We’ve completed the section for if fields were empty. It’s now time to complete the section to check and validate whether or not a CCB profile exists for submitted credentials.

Once of the first things to define is the apiService variable, which today’s tutorial uses the individual_profile_from_login_password API service (see CCB documentation).

Unlike most of the previous tutorials, this tutorial will use POST instead of GET. This means we’ll need to separate the apiService variable from the traditional urlData variable data that is submitted for a GET request.

In short, create a servData variable and bind the CCB API srv parameter to the apiService variable.

Next, create the normal urlData variable, but don’t include the apiService variable when binding the CCB API login parameter to uname variable and the CCB API password parameter to upass variable.

Once both servData and urlData variables have been defined and binded accordingly, then it’s time to pass both to the ccbDetails function to make the CCB API request to check and validate credentials.

Be sure to set the first parameter of the ccbDetails function to be post and not get, passing the urlData variable as the second variable and the servData variable as the third variable.

The ccbDetails function does the heavy lifting to authenticate, authorize, access, and retrieve data from the CCB system.

Once the response is successfully returned as defined by the rss variable, create a nodes variable and set it equal to the rss variable.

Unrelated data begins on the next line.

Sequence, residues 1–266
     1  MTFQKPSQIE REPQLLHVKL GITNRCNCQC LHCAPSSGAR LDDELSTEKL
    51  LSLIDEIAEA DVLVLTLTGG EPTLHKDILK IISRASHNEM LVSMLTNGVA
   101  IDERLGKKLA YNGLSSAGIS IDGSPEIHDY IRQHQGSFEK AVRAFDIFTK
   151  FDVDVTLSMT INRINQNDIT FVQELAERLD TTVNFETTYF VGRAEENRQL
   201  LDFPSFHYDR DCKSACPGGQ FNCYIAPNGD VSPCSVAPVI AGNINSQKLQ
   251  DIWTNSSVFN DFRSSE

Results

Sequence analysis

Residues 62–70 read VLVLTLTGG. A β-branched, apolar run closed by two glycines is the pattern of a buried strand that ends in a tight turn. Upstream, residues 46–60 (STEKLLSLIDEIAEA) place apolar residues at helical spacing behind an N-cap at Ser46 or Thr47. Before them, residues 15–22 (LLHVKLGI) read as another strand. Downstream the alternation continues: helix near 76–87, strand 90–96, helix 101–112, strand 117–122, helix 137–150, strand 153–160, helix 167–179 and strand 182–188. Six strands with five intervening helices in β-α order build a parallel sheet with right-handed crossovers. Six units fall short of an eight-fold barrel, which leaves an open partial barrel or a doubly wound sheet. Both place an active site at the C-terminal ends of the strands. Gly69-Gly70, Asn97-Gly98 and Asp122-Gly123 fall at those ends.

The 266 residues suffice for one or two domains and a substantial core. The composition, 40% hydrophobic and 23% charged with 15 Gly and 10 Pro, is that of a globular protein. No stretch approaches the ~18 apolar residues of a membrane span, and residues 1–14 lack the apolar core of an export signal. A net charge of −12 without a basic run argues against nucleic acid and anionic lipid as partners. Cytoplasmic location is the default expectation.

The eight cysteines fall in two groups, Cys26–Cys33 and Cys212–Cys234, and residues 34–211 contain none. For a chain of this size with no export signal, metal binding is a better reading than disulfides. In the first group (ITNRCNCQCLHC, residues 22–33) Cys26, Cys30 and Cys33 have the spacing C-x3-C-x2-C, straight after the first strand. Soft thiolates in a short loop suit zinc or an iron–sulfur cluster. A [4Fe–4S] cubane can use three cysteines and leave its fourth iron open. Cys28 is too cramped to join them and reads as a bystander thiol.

The rss variable uses a reference or pointer to parse the response data using the following expression in conjunction to PHP’s XPATH query method: //individuals/individual.

The next part of the tutorial is the most critical. This next line of code actually determines whether or not a CCB profile has been returned for the submitted credentials.

If a CCB profile exists, then the nodes variable count should be greater than 1 (one). If a CCB profile does not exist, then the nodes variable is 0 (zero).

That being stated, create a theCount variable and set it equal to PHP’s built-in count method, passing to it the nodes variable.

Following this line of code, create an error message by default for when a CCB Profile does not exist for submitted credentials using the response_object variable.


Following this logic, create an if statement for when the value of theCount variable is greater than 0 (zero), meaning a CCB Profile has been returned for submitted credentials.

Within this if statement, set the response_object variable to a successful login message and then set the clearFields variable to equal 0 (zero).

If you remember referencing the clearFields variable in previous sections, then recall that setting the clearFields variable to 0 (zero) hides the login form and displays a successful login message instead.

And that’s all the logic and code needed for a form submission and CCB API POST request.

Bringing it all together for the finale

When combining each of the aforementioned sections into one file, your code should appear as follows:

Save the file (i.e., ccblogin.php) and open it via a web browser. The display should appear as the following:


Next step is to insert a valid CCB user’s credentials into the respective input fields and then submit the form.


If the credentials submitted are associated with a CCB profile, then the following is displayed via the web browser:


If the credentials submitted are NOT associated with a CCB profile, then the following is displayed via the web browser:


All in all, this specific API service can be used to create a simple login page that validates username and password credentials are associated with a given CCB profile.

Again, please don’t confuse this simple login system for an enterprise-grade authentication system.

However, with the right know of authentication and authorization systems, one could very well create their own login system should you not want to use off-the-shelf systems and services.

In closing, please do let me know if you have questions or comments concerning this tutorial. Thanks and see you back here next week for another tutorial.

Please comment if this tutorial has helped you.